I have been quite blessed to grow up in a family that is very much into the arts. My parents and my five siblings and I all have pleasant discussions on literature, music, and movies.
However, I have gotten to the point where I simply cannot watch movies with two of my brothers. I can barely even talk about books with them.
My brothers love to shatter stories.
They think that it is their life's mission to point out and exaggerate plot holes in absolutely every story they ever encounter. These boys could probably find a plot hole in the Bible. This is so frustrating to me, because I just so desperately want to believe in everything. I fall in love with characters, I breathe the air that they're breathing, I feel their hearts shattering, their joy consuming their bodies...it's all so real to me.
Another thing my dear brothers do is point out how many stories (whether it's movies or books) mimic another work. Nothing annoys me more when they start on how they believe that Harry Potter is just a retelling of Lord of the Rings.
UGH. NO. NO. NO.
Within all stories, there is the over-all (or under-lying) theme of Good vs. Evil. It's in Lord of the Rings, Narnia, Harry Potter, Divergent, Hunger Games, everything. That theme is the core theme of our very existence. So, of course, aspects of all these stories are going to be the same.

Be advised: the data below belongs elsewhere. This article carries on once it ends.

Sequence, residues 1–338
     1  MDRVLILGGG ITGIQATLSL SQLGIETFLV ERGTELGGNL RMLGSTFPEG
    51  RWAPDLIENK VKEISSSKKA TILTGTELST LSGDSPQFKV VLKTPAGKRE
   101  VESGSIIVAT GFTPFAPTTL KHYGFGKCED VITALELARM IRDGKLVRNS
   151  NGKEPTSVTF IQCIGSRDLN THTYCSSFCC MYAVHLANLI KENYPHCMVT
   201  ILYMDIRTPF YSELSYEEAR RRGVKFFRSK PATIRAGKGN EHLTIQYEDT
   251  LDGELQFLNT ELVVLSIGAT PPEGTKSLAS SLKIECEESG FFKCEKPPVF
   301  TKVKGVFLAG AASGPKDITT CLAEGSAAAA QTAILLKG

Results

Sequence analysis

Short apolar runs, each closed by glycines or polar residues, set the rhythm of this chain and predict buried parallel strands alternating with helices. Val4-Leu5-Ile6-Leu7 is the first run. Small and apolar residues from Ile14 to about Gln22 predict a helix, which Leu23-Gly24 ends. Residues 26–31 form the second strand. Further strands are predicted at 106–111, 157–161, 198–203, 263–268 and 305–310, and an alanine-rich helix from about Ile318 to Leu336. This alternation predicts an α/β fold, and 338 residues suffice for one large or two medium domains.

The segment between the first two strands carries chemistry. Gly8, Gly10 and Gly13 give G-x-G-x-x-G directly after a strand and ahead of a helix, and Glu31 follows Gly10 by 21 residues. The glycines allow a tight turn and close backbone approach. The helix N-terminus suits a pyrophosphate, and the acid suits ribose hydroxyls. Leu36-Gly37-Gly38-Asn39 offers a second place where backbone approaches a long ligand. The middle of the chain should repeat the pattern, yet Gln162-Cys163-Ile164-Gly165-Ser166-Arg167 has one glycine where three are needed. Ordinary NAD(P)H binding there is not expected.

Additionally, what is the difference between being inspired by and copy catting? There is a very thin line between the two, I believe. However, I think they are both distinguishable though it is a case-by-case basis sort of thing.
My sophomore English teacher once said, "It is the reader's job to believe in the universe that the author creates." Of course, it's the author's job to create a believable universe, but we readers must give enter into the story and suspend disbelief. Perhaps it is better to say that the author's job is to make the unbelievable believable. Just the same, the reader must discard all he thinks he knows and enter into the creation of the writer. As readers, we must not let things like desperately searching for plot holes and blame for copy catting deter us from entering into the writer's story.